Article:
Josh Richardson

Kevin Punter

Tennessee senior guard stepping forward as a leader for new head coach Rick Barnes

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After spending 17 seasons in Austin as the head coach at Texas, Rick Barnes will coach his first season at Tennessee this winter. The good news for Barnes from a personnel standpoint is that many of the key contributors from last season are back in Knoxville, including five of the team’s top six scorers.

The negative: the lone player who isn’t back is versatile guard Josh Richardson, a second-round pick of the Miami Heat who led the Vols in scoring, assists and steals and ranked third on the team in rebounding.

So while Barnes works to establish his culture within the program he’s also faced with the task of accounting for the many ways in which Richardson kept last season’s team competitive in spite of turmoil surrounding then coach Donnie Tyndall. According to the Chattanooga Times Free Press, one player who’s helped from a culture standpoint this summer has been senior guard Kevin Punter.

 

“(Punter’s) work ethic, the way he’s handled things, I told Shembari (Phillips) today, I said, ‘If you’re smart, you’ll hitch your wagon to Kevin, and every time he’s in here you should want to be with him,'” Barnes said. “When you’ve got a guy that’s willing to put that much time in and show that much passion, that’s something you want to develop in your program, and you hope it’s handed down through the years.”

Punter, who averaged 10.3 points per game in his first season at Tennessee, has been the team’s hardest worker and serves as an example for the program’s five newcomers. That quintet includes three perimeter players in Phillips, Lamonte’ Turner and Admiral Schofield. Setting the tone for those players this summer is especially important, as they’ll be asked to be leaders after Tennessee’s four scholarship seniors (Punter, Armani Moore, Devon Baulkman and Derek Reese) move on at the conclusion of this upcoming season.

With Richardson out of the picture Tennessee has a void in its primary playmaker role, one that Punter will be asked to help fill. Whether or not he can do so won’t be learned until the team starts playing games, but at the very least he’s been a good leader for this group during summer workouts.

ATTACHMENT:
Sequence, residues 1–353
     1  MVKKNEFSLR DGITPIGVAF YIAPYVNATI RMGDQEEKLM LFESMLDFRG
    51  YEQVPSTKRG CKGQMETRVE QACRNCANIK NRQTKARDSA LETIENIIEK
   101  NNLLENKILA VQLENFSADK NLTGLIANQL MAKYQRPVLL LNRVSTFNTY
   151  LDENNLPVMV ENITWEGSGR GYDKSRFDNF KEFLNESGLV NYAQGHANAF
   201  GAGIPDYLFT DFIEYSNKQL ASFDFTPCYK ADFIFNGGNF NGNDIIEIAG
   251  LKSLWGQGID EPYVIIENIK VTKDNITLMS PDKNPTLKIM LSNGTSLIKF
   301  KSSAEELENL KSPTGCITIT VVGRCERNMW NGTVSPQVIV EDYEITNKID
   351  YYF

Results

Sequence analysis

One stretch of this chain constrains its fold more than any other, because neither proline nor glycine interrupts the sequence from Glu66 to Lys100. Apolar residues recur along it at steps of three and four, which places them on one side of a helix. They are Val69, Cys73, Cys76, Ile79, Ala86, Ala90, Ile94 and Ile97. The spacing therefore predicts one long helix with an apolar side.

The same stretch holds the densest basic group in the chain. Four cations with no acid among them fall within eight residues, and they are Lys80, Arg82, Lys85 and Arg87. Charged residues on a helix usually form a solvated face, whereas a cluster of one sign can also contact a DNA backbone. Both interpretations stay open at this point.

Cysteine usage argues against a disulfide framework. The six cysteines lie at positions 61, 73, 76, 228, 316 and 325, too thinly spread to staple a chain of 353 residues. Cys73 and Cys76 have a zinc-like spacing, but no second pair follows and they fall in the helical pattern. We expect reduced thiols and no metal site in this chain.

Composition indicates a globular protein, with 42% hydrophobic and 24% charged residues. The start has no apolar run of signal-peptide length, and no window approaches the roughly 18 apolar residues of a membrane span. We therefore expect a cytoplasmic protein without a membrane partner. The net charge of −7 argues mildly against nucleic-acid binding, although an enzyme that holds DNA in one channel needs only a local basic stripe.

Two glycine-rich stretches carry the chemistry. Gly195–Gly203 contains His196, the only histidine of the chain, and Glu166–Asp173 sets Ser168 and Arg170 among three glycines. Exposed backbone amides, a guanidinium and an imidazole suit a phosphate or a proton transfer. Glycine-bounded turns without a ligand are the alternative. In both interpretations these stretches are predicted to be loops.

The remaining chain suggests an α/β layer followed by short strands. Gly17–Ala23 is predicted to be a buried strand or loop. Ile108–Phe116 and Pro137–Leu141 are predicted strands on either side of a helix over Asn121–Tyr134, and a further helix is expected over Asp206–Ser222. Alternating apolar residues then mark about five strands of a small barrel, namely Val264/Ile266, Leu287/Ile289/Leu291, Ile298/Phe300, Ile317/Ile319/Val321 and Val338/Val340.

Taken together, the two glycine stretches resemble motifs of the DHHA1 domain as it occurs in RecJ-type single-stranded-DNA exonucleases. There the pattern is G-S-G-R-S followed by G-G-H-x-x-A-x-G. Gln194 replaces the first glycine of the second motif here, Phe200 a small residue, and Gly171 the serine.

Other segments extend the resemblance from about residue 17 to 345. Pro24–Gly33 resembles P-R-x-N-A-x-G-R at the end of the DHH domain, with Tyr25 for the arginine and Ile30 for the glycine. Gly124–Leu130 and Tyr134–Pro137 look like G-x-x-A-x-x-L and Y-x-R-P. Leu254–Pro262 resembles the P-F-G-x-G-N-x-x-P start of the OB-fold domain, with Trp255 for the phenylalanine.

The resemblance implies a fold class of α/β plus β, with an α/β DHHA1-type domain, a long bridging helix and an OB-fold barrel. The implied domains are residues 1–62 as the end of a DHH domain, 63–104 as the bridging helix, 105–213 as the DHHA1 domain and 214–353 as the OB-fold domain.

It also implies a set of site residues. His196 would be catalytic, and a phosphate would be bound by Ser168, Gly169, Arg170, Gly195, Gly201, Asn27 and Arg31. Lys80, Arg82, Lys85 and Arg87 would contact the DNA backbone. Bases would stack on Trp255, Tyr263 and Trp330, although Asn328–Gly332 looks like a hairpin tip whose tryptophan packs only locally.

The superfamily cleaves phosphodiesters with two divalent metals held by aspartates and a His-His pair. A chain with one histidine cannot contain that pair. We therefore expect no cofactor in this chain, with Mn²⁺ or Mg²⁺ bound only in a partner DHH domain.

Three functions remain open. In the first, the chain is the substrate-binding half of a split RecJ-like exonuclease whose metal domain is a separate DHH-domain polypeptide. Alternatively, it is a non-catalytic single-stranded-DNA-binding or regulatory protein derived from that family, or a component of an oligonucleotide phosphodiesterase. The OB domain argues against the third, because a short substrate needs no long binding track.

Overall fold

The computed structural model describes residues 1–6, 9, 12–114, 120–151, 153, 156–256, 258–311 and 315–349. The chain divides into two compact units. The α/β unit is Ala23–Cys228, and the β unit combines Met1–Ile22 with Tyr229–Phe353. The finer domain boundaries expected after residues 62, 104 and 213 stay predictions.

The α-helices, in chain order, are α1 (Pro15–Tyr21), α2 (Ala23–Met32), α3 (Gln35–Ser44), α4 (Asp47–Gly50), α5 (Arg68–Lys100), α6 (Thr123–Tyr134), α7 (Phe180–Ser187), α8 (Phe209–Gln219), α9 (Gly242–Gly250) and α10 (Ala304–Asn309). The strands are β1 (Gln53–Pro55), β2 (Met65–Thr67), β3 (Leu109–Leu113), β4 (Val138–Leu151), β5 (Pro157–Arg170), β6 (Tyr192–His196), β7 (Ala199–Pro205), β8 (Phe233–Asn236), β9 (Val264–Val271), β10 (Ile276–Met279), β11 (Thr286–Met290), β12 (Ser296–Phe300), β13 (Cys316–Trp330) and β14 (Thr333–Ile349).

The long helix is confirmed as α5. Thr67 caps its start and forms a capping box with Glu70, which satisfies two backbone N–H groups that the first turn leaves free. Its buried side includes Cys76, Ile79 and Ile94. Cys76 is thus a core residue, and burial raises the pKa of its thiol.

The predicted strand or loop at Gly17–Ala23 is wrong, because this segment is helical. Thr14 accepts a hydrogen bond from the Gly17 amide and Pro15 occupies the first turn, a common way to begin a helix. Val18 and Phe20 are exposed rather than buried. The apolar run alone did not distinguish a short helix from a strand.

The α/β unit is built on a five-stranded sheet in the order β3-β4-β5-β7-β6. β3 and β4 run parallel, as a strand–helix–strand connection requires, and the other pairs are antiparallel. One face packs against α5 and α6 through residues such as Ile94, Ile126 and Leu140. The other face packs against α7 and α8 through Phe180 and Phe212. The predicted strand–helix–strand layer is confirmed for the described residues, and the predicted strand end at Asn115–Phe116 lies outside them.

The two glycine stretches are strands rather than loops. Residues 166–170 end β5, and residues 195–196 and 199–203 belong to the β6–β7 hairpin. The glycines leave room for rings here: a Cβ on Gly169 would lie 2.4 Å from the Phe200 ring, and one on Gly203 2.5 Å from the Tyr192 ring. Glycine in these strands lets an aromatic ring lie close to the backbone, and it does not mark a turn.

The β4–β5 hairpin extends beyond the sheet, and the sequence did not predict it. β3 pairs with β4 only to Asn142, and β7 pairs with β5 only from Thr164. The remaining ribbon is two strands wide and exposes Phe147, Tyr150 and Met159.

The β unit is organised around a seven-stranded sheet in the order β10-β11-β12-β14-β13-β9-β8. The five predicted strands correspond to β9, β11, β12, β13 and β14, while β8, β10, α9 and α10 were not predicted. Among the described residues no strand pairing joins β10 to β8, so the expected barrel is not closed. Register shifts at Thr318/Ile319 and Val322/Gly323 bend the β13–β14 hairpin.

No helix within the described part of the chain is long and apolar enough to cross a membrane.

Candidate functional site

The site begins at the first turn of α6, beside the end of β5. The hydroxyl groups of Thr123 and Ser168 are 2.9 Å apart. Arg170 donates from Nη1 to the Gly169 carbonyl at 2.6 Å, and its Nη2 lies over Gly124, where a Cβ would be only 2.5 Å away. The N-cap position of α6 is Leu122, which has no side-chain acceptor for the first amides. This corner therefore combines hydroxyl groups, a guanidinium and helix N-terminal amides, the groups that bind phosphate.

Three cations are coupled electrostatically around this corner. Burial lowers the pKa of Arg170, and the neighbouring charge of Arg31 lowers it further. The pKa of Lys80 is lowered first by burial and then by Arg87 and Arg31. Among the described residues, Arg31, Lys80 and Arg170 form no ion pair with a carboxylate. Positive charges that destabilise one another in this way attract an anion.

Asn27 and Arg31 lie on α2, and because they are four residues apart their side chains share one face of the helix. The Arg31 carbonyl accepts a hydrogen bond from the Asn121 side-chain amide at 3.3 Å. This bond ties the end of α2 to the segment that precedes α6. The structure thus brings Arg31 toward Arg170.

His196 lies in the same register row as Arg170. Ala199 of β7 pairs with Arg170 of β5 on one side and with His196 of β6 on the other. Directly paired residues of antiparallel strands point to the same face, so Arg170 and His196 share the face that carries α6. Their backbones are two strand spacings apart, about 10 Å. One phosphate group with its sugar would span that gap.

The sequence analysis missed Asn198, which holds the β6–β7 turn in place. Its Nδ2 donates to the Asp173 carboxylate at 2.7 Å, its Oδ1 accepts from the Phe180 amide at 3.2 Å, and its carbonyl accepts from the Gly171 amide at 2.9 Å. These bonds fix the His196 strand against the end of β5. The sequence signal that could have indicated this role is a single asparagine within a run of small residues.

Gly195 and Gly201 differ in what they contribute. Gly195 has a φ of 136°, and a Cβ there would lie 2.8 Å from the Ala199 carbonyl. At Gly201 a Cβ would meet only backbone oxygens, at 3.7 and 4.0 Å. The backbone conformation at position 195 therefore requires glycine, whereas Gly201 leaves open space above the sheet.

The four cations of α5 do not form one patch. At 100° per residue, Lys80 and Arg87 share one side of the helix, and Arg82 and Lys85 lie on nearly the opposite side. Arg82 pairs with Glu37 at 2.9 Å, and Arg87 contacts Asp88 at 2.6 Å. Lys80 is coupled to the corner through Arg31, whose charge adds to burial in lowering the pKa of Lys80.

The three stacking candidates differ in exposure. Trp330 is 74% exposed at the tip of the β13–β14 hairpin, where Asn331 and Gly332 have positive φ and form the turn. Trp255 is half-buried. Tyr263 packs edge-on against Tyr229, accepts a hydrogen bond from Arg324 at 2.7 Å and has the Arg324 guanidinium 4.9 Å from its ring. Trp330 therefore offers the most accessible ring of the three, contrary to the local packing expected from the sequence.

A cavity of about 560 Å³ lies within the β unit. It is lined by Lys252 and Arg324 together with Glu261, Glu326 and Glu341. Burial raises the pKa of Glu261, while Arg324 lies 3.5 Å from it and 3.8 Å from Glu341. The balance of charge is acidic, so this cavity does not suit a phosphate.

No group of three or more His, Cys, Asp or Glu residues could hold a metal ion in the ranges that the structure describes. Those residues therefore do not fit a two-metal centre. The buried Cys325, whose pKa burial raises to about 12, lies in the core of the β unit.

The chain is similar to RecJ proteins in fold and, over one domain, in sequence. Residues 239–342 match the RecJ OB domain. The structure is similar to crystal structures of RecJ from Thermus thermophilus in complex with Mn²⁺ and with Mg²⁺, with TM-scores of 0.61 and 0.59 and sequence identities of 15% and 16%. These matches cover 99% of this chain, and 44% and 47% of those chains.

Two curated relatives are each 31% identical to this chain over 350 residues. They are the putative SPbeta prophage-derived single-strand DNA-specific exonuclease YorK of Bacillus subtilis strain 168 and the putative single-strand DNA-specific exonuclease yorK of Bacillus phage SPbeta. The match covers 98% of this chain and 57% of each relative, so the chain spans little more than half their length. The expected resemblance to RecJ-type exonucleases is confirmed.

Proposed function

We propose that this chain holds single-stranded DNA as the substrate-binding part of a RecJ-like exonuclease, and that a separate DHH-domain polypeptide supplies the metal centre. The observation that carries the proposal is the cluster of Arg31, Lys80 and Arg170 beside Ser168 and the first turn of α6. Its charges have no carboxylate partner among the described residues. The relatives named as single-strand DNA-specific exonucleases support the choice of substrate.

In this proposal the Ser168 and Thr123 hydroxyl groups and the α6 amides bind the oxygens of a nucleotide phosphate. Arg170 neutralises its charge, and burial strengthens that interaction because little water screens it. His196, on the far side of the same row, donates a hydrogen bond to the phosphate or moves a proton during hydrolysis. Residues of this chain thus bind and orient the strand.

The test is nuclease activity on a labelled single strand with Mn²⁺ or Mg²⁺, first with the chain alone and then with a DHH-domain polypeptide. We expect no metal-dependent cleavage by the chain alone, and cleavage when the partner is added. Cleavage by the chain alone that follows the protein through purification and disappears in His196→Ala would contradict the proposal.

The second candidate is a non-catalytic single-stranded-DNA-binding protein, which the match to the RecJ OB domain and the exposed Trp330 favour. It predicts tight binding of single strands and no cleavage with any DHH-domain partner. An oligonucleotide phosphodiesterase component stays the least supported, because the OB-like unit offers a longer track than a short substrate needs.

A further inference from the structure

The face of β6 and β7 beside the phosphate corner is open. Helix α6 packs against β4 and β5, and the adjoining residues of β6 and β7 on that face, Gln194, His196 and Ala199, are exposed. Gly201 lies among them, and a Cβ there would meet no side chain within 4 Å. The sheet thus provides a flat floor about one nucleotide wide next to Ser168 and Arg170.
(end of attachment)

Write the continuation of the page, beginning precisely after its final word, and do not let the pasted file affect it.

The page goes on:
Tennessee is going to a new starting point guard

Tennessee v Xavier
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Coming into its first season under head coach Donnie Tyndall, Tennessee had big questions about the starting point guard position. The team lost of all their lead guards from last season and Tyndall wasn’t able to land a natural floor leader in the spring.

There were thoughts that junior college guard Kevin Punter could come in and attain the role, but he’s more natural off the ball and is wired to be a scorer. So the team has gone to an unlikely source as its starting point guard early on: senior 6-foot-6 guard Josh Richardson.

Richardson played as a shooting guard for the Volunteers the last three seasons, but according to a report from Steve Megargee of the Associated Press, Richardson is playing as the team’s current starting point guard.

“I’m comfortable,” Richardson said to Megargee. “I feel like I can get the ball up the court any time I want to.”

Tennessee opened its season on Monday against Pikeville in an exhibition contest and Richardson scored 15 points, dished five assists and had three turnovers in the team’s 80-62 win.

The senior actually became the team’s point guard by chance. Richardson injured his right wrist a few weeks ago and practiced without a real ability to shoot. So he became a facilitator, and in-turn, the team’s point guard.

“So I said, ‘Coach, I’ve just got to play point guard today and pass,’ ” Richardson said to Megargee. “Since then, I’ve been playing it predominantly.”

I’ve got to say, I’m anxious to see this experiment for myself. I always liked Richardson as a third or fourth option as a scorer, but as a point guard? That’s intriguing. Richardson stepped up his play in the NCAA Tournament last season, averaging 19.3 points per game during the Volunteers’ Sweet 16 run.

As the only player on Tennessee returning who averaged more than five points per game last season, Tyndall needs Richardson to step it up this season. Returning sophomore Robert Hubbs III can play along with Punter off the ball and Tennessee’s offense can go from there.